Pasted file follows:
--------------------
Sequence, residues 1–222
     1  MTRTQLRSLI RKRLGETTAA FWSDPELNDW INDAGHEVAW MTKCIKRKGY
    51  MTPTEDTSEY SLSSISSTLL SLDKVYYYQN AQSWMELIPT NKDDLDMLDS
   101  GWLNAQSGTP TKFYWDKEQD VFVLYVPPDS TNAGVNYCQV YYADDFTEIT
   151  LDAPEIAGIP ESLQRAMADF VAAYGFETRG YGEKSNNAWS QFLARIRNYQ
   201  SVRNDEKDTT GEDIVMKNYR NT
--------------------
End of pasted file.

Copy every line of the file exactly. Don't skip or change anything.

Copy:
Sequence, residues 1–222
     1  MTRTQLRSLI RKRLGETTAA FWSDPELNDW INDAGHEVAW MTKCIKRKGY
    51  MTPTEDTSEY SLSSISSTLL SLDKVYYYQN AQSWMELIPT NKDDLDMLDS
   101  GWLNAQSGTP TKFYWDKEQD VFVLYVPPDS TNAGVNYCQV YYADDFTEIT
   151  LDAPEIAGIP ESLQRAMADF VAAYGFETRG YGEKSNNAWS QFLARIRNYQ
   201  SVRNDEKDTT GEDIVMKNYR NT